Len Deighton drinks book…
In 1964 ‘Drinks-man-ship, Towns album of Fine Wines and High Spirits’ was published. Edited by spy thriller and cookery book author, Len Deighton it is coffee table format book of articles covering wines, beers and spirits as well as a wonderful chapter on a London pub crawl written by George Melly.
In this photograph we see Johnny Parker at ‘Collins’ in Islington Green, a former music hall where the walls are adorned with photographs of anyone who was connected with it. Johnny is seen here at the piano encouraging anyone to sing along. He’s in-between tours with Monty Sunshine and that particular lunchtime was very ‘lively’. In the photograph above Johnny are Stan and Dennis getting ready to do their act at on Thursday night at The Bridge House in Canning Town. Melly tells us that they ‘engaged in rather tired patter’. The crowd at The Bridge House come from the ships in dry dock nearby but its heyday has, like its deceased landlady, Madame Suki long since gone. What Melly gives us in a few short lines is a sense of change, a slow evolution of the pub and those who would frequent them. It was still a time of ‘entertainment’ though, it would be a decade before the fashion to make the home a place to stay and socialise would take hold. Television improved, access to credit for household improvements meant couples would begin to entertain at home more often and with it came the start of the slow, gradual decline of the public house.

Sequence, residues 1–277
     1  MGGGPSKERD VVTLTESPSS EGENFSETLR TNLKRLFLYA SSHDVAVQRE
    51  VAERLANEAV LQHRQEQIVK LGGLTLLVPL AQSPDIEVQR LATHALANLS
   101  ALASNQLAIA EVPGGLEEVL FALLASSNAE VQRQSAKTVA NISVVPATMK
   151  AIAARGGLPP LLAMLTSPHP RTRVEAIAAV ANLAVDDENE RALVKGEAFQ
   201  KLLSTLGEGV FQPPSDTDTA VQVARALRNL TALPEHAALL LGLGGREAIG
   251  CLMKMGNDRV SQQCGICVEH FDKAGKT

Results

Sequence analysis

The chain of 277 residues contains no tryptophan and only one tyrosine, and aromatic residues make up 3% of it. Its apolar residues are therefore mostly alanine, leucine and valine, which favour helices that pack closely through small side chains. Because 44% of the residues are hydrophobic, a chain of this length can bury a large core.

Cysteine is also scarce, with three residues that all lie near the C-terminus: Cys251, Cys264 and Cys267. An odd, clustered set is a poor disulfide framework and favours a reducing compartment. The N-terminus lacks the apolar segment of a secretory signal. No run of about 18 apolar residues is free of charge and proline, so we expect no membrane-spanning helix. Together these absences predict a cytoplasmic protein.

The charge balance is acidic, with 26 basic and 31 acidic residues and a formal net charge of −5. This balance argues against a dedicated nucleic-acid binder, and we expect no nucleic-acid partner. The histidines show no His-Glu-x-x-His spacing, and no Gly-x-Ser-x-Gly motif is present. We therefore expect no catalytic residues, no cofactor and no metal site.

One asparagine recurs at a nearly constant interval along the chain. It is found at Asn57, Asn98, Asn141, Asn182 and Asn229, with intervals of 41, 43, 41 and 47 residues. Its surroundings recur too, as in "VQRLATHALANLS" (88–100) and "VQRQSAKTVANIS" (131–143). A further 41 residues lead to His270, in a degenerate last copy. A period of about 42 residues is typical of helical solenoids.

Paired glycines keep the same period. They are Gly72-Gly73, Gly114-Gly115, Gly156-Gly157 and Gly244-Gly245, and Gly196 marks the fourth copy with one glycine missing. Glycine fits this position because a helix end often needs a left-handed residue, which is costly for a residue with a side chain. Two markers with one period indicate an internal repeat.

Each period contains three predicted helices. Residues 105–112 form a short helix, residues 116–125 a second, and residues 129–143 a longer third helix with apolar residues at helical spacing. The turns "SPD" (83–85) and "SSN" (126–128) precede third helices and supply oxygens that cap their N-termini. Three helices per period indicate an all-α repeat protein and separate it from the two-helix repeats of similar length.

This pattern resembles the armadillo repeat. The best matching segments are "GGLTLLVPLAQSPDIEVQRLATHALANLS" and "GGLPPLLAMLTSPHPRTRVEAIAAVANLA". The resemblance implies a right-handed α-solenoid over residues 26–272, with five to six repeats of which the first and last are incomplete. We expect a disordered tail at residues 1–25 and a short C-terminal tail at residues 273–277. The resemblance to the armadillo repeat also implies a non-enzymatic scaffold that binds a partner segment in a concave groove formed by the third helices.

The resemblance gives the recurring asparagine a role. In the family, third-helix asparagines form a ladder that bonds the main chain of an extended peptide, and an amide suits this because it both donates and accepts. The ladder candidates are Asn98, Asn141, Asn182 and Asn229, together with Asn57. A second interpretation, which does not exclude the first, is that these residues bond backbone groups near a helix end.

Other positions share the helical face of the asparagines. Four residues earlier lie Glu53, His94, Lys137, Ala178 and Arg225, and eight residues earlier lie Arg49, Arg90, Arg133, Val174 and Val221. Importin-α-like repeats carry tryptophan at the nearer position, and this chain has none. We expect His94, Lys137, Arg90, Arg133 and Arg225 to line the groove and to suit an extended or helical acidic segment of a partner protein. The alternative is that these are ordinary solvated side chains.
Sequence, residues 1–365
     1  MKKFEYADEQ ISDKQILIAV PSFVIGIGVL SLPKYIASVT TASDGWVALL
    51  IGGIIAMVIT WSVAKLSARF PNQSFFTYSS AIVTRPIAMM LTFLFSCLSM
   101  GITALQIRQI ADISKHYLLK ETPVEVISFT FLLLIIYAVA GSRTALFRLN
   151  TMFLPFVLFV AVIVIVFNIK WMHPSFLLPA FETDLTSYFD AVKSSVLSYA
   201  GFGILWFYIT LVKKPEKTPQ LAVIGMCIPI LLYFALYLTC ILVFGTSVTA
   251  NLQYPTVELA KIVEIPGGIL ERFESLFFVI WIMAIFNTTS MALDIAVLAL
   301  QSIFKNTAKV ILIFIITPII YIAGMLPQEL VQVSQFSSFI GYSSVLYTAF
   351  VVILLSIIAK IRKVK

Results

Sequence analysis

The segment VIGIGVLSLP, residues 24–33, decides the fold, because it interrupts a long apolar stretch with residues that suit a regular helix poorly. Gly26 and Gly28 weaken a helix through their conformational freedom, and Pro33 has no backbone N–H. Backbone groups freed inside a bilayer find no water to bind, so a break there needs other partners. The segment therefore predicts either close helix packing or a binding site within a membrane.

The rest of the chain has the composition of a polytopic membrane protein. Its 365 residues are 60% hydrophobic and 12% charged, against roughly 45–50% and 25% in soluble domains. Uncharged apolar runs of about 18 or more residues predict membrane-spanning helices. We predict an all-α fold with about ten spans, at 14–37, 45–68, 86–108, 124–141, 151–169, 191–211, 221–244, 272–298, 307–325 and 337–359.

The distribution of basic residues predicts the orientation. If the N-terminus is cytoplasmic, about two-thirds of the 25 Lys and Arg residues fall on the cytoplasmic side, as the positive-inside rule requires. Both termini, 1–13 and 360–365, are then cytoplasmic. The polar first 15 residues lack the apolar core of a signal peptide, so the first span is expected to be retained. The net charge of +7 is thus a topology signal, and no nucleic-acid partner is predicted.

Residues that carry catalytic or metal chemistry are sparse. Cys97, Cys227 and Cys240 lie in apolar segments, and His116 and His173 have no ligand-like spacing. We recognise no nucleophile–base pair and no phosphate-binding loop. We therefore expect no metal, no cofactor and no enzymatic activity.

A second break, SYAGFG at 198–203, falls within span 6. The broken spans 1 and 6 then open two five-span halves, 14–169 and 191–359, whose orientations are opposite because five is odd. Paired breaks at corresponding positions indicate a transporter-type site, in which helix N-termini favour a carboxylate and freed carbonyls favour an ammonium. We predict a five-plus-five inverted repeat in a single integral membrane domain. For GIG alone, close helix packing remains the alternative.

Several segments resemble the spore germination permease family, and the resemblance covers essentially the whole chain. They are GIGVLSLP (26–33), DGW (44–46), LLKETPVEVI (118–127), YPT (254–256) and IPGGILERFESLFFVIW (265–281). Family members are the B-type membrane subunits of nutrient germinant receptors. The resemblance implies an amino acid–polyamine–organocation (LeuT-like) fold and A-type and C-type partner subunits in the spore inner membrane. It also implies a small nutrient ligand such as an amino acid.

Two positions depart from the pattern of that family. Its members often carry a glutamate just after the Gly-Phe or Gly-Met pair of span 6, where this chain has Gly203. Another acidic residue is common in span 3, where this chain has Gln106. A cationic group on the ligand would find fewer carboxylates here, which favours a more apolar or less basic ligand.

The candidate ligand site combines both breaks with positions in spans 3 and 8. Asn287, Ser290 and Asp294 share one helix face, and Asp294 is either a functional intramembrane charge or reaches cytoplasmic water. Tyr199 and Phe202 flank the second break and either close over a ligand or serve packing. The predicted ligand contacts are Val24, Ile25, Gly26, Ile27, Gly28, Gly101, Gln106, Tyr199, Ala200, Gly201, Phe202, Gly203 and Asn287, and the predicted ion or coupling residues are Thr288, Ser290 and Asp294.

At the back of the book there is a drinks recipe section, here we see man of the moment, Fidel Castro above a recipe for Cuba Libre. For some reason, we are told ‘the best cocktails tend to have rather prosaic names. But part of the fun of cocktails is their meretriciousness’. Show me, if you can a modern day cocktail book with a sentence like that!
The chapter on sherry contains two photographs which alone would have made buying the book worthwhile. Here we see ‘white-arched bodega barns are cool and silent with rows of shadowed casks and a heavy perfume of evaporating sherry’
This wonderful picture of Beltran Domecq, then head of Williams and Humbert; sherry barons in the heart of Jerez ‘having lunch served on the lawn’.
For those wanting a guide to food pairing then Cyril Ray offers us recipes for Sole Bercy, Kidneys with Vermouth, Boeuf en Daube and Flaming Peaches. Giles Congreve tackles the issue of matching wine with the recently arrived exotic take-away shops of the early sixties. “Curries are fairly easy. Chinese is the knottiest one. There are few wines that are not utterly lost in the tangle of bean-sprouts and bamboo shoots. The very thought of Hock and chop suey makes me turn sweet and sour” He then rounds off with “Perhaps if the Chinese had had grapes they would have eaten proper food (says an ancient French proverb). Instead they have rice and tea”
The book is full of wonderful snippets of drinking life in 1960s London, there are reminders of a lifestyle and culture sadly passed on. Pubs of character serving characters. What, we must wonder would Johnny and his fellow cronies have made of the themed bars and gastro pubs which now stand in replacement? Not much probably. Whilst there is much not to miss about some of these establishments they should be remembered for offering shelter and company to many people during difficult periods in which a drink, a smoke and the odd sing-a-long would prove their only solace.
We shall end on this gem: “As for the story you can never be sick on vodka: rubbish”
Categories: Retro Heaven